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What is the actual device used? Is it a (SATA/SAS) disk? Is it a partition on such a disk? Is it a LUN from a storage array?
Raw device means that ASM needs direct access to the device (it opens the device with a direct I/O flag enabled). There can thus be no other s/w driver layer involves that prevents direct I/O and provides some kind of write-thru and buffering feature.
If you are using a local disk as raw device, e.g. +/dev/sdc+, then use this device as is as an ASM device. Permissions and ownership however needs to be changed to allow ASM's o/s user to own that device.
No LVM. ASMlib is optional.
The use of raw disk devices since RHEL 5 and derivatives has been depreciated. Raw disk access under the Linux kernel to bypass kernel caching and I/O scheduling is to done by the software that is opening the device with the O_DIRECT kernel flag.
Like the previous reply outlines, you will need to set proper device privileges to be able to use devices for ASM. The /dev device tree in Linux resets at every system restart, thus ASM will not be able to access any devices until you set correct device privileges and ownership.
You can define device privileges for ASM disks by defining UDEV rules or setup DM multipath. You can install Oracle ASMLib for Linux, which simplifies device management and provides an alternative optimized I/O driver. The necessary ASMLib kernel module as of Oracle Linux 6 is however only included with the Oracle Linux UEK kernel. ASMLib does not provide device path fail-over, for which you will need multipath, but you can certainly take advantage of both.
Dude wrote:There are raw devices and raw devices. The one means defining a character device as a raw device for a block device (deprecated).
The use of raw disk devices since RHEL 5 and derivatives has been depreciated.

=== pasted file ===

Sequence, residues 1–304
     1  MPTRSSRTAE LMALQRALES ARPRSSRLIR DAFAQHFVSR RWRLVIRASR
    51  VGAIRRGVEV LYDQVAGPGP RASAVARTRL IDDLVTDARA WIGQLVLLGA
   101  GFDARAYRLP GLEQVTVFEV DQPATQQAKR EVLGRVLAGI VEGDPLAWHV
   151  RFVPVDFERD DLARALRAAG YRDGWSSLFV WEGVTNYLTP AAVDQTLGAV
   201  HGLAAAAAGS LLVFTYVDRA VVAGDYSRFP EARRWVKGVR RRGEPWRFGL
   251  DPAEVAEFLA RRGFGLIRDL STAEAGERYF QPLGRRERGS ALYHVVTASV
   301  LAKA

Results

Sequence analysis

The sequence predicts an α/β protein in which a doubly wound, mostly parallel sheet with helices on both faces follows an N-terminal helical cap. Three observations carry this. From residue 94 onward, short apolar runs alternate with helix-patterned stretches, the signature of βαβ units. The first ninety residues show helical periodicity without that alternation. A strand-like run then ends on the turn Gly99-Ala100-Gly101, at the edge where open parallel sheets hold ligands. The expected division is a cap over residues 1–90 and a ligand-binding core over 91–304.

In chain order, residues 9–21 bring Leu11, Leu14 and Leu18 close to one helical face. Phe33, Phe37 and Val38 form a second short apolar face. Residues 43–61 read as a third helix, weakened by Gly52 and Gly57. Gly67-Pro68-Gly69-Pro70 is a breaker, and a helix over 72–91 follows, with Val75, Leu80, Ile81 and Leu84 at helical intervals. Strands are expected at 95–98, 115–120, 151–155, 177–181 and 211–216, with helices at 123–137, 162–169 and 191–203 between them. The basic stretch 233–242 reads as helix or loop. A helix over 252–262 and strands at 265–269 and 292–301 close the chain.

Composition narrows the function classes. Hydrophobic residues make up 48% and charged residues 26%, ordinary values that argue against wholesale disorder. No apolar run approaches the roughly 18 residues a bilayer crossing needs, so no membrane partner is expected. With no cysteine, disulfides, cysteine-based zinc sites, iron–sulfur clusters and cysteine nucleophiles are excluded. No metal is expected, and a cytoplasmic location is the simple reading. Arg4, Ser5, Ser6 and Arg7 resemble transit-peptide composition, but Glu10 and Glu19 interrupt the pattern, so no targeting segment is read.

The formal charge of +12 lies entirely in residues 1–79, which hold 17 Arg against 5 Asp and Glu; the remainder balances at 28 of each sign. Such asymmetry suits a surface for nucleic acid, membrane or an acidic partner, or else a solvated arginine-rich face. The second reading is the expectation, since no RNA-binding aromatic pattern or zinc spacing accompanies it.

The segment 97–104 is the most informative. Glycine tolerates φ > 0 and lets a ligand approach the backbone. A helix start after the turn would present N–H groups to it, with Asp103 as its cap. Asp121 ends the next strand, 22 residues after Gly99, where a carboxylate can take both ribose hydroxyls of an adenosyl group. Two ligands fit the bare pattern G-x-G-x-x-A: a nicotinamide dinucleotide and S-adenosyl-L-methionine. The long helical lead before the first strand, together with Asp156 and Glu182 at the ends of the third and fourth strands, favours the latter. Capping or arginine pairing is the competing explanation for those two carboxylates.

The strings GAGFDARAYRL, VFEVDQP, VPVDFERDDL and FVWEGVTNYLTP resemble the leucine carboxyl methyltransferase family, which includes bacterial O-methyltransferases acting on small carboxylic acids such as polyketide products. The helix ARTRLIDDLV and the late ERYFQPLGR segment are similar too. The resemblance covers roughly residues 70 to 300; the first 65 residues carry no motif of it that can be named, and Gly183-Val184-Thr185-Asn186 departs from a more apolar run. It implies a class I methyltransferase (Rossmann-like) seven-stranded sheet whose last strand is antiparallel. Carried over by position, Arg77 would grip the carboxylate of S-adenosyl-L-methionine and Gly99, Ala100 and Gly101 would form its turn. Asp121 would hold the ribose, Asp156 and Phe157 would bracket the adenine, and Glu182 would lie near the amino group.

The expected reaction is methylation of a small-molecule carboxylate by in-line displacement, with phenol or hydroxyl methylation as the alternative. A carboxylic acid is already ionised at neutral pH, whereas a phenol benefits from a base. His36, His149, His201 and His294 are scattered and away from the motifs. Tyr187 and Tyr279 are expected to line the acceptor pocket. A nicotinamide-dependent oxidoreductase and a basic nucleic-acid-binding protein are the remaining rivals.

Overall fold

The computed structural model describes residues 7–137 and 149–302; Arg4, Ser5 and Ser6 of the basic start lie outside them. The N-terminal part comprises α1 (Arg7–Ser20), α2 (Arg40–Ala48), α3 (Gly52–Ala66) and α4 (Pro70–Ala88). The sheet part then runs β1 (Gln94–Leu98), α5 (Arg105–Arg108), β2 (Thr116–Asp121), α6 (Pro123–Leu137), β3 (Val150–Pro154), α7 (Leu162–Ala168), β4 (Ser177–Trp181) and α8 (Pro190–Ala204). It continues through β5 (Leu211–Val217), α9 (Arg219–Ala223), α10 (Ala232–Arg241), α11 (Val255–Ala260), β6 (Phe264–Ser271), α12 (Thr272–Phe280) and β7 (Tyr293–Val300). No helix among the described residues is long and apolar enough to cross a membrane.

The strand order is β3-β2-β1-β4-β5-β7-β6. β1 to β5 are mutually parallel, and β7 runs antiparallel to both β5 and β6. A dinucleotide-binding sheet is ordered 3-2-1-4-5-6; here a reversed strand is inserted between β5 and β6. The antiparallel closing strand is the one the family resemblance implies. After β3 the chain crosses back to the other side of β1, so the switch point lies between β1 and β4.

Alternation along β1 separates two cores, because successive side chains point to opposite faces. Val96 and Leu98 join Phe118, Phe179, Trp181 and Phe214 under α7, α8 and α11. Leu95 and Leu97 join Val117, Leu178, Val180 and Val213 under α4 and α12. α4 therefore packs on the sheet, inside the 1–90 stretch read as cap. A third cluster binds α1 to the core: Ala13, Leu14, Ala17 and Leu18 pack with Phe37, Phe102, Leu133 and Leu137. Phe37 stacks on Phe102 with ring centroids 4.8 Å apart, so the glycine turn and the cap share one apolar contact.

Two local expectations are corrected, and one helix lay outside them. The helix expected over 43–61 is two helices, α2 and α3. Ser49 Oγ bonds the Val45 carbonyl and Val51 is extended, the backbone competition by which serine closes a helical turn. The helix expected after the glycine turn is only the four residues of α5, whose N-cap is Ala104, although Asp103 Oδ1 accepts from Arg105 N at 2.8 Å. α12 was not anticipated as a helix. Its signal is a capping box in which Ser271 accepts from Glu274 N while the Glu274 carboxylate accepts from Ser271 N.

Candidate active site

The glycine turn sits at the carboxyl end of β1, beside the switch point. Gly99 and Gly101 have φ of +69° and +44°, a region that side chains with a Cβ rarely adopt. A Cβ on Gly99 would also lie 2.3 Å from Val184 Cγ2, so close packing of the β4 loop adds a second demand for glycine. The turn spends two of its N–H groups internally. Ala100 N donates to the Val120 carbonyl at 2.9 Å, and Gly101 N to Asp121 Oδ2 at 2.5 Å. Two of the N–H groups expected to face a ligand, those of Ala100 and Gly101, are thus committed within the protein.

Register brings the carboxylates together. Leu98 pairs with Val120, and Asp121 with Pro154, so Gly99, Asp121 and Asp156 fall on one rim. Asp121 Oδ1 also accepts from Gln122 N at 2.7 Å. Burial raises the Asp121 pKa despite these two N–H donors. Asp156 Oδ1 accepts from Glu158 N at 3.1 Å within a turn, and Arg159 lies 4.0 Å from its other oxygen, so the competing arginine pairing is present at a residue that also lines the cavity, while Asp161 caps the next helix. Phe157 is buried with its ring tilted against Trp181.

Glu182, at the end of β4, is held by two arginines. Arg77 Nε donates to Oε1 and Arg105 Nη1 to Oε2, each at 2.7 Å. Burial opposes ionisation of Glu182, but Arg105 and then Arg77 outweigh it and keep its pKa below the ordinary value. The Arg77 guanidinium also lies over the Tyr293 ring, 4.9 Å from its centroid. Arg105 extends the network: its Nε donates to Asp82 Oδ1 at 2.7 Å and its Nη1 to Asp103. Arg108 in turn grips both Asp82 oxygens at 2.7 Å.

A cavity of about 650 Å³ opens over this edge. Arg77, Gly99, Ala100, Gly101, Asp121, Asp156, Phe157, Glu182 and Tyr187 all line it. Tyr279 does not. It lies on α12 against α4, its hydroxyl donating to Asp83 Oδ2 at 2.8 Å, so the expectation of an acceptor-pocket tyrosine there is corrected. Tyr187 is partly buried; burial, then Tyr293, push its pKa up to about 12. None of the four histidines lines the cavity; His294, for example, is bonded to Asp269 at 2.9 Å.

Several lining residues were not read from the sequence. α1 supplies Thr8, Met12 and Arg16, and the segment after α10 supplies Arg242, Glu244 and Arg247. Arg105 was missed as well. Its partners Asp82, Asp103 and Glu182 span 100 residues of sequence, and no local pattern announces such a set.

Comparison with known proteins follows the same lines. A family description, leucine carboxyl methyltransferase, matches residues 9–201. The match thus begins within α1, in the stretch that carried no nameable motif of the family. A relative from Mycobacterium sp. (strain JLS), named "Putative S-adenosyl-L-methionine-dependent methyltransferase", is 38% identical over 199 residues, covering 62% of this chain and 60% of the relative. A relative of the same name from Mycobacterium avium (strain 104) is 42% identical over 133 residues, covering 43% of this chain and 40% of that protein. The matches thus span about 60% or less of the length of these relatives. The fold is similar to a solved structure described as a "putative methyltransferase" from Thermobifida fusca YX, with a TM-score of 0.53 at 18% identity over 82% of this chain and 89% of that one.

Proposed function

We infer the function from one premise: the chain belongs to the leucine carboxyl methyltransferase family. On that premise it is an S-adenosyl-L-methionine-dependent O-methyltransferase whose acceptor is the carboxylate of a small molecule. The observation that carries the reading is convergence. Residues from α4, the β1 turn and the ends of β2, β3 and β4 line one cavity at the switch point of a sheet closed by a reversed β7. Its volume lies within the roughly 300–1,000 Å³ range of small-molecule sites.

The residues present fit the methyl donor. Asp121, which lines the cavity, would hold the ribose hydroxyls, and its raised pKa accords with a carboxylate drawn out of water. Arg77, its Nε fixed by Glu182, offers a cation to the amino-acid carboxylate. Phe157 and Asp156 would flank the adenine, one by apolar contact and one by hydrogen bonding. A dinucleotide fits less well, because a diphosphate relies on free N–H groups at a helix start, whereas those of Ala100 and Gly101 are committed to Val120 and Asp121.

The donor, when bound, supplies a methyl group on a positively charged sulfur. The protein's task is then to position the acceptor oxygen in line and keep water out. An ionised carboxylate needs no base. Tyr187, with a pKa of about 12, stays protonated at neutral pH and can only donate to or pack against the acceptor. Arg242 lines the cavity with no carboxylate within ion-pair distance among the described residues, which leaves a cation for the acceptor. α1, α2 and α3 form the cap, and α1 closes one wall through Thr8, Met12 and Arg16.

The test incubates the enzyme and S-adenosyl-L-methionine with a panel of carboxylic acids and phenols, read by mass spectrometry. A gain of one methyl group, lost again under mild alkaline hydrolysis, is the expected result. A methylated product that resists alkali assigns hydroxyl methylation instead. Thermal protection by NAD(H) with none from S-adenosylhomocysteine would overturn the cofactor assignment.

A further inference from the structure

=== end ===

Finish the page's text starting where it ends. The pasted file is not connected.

The original term (dating back to the 80's in my experience) and still used today, simply means directly accessing the device without caching performed by the kernel. Typically a raw device versus cooked file system concept. And this still very much applies and have very little in common with the transient and deprecated "raw character device for block device" feature of the Linux kernel.
Yes, of course. I was only referring to Linux, not commercial Unix systems. As far as I know, Linux was initially designed for low-end and cheap computer hardware. A lot has changed since, but the initial design concept of Linux that the kernel should cache and schedule/group all I/O to optimize performance remains. Raw device access makes sense for applications and hardware that deal with I/O on it's own, usually more expensive devices, at least in the past.
We already discussed a similar topic at support rawdevices by linux oracle. Please see my last reply.
Dude wrote:It was a very basic 386/486 kernel written with AT harddrive support, and without any illusions of it being more than a simple Open Source o/s for mucking around... (see Linus's first posting on what was to become the Linux kernel).
As far as I know, Linux was initially designed for low-end and cheap computer hardware.
Truly amazing what it had become. I used to compile the Linux kernel from 2 x 1.44MB stiffies downloaded from the Net, and installed on a 20MB harddrive in a 386 AT clone PC. With IP support for an Exos105T NIC that had a MS-DOS driver that could not be loaded into high memory - had to use conventional 640KB RAM... :-)
A lot has changed since, but the initial design concept of Linux that the kernel should cache and schedule/group all I/O to optimize performance remains. Raw device access makes sense for applications and hardware that deal with I/O on it's own, usually more expensive devices, at least in the past.Not really expensive devices - SATA and SAS devices are quite cheap compared to higher-end disk storage (like SSDs). And these can be RAID'ed just fine using ASM as raw devices.